Plan members have chosen to defer elective treatments. While some of this care was eventually incurred over the course of the last year, many plan members continue to hold back on care, whether because of discomfort in a hospital setting or difficulty in finding care due to bandwidth issues. This influences future costs, particularly with unpredictable costly surgeries.
Missed preventative care
Client data across industries also showed a significant reduction in preventative care visits, and lower test numbers in areas such as labs, CT scans and MRIs. As a result, many employers are concerned because if certain health issues are not identified and treated early, the severity of the case and corresponding cost of care may be higher down the road.
Covid-19 propelled behavioral health issues into crisis levels. While it may seem indirectly related to broader healthcare, consider this: the national Alliance on Mental Illness reports that cardiometabolic disease rates are twice as high in adults with serious mental illness, and that depression and anxiety disorders cost the global economy $1 trillion annually in lost productivity. We are sure to see the repercussions of this in claims costs to come.
Health insurer risk premium margins built into insurance pricing have been increasing in light of all this uncertainty, as well as broader trends such increased prevalence of high cost specialty drugs and increasing hospital costs. In fact, the most prevalent specialty medications are increasing in price at 10%-15% annually, further contributing to unpredictability of future claims.
During the pandemic, employers have needed to confront their organizational philosophy on the employee value proposition and balancing the investment in employee benefits with the impact on the company’s stakeholders. The impact of Covid-19 has made employers more acutely aware of the need for sufficient healthcare coverage for employees and their families.
In order to provide attractive benefits in an environment of rising costs and volatility, employers must rethink the programs they offer and how they are funded. Many organizations have also revisited benefit program governance structures, how decisions are made, and how programs are monitored.
Perhaps your remote workforce has different needs than they did in 2019, or the pandemic has triggered new problem areas that can be addressed through wellness solutions or advocacy tools.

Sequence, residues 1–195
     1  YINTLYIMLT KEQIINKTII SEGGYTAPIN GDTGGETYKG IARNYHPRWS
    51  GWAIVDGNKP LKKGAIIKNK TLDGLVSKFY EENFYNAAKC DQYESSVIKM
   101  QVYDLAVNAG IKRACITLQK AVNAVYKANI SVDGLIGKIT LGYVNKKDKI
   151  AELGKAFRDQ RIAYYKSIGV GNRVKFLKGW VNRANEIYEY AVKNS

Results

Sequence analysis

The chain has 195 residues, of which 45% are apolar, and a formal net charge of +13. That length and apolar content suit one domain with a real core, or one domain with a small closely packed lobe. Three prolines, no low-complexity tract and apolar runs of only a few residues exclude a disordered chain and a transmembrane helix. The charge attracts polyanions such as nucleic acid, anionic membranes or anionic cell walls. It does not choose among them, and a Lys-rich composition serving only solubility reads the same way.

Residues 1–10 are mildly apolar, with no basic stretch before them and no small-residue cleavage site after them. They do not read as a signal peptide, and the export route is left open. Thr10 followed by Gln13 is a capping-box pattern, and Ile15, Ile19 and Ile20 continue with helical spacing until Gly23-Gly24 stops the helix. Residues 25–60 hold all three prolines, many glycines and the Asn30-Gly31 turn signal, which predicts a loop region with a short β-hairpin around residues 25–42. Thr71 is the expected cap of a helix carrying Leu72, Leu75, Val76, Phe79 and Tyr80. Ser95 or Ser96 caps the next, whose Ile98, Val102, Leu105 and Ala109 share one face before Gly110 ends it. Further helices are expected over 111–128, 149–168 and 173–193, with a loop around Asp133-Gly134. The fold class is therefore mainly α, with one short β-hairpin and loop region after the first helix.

No matter your path, employers seeking to ensure that they offer comprehensive healthcare benefits to employees at an affordable cost need to consider the financial management benefit of potential long-term cost savings and mitigation of volatility associated with captive structures.
Captive Arrangements for Employee Benefits
As employers look at the impact of the pandemic, organizational planning requires balancing the increasing cost of healthcare with the risk associated with solutions that reduce the total cost of the program. At its simplest form, health insurance can be expensive if a fully insured program is purchased, as organizations pay a risk margin, often 20% to 40%, for transfer of the risk to an insurer. Small to mid-sized organizations typically mitigate this cost by self-insuring a portion of their healthcare risk with medical stop-loss to cover higher cost claims. However, the higher risk premiums required by health insurance, including stop-loss insurance, lead to steep healthcare plan costs and/or, in some cases, being forced to take on higher-than-optimal risk.
A captive arrangement is a strategic way for employers to benefit from self-insurance while creating a sustainable solution to partner with commercial markets. Captives provide substantial competitive advantages over traditional self-insurance, such as:
Reduced total cost of insurance
Insurance carriers develop premiums by heavily weighing on industry averages, state rates and, to some degree, on an employer’s individual loss experience. This may lead to pricing that may not accurately reflect an organization’s actual loss experience. Insurance carriers usually price to include substantial overheads, including risk and profit margins. A captive provides employers an opportunity to recapture premiums from the commercial market and build a sustainable long-term model for their insurance needs.
Insulation from market fluctuations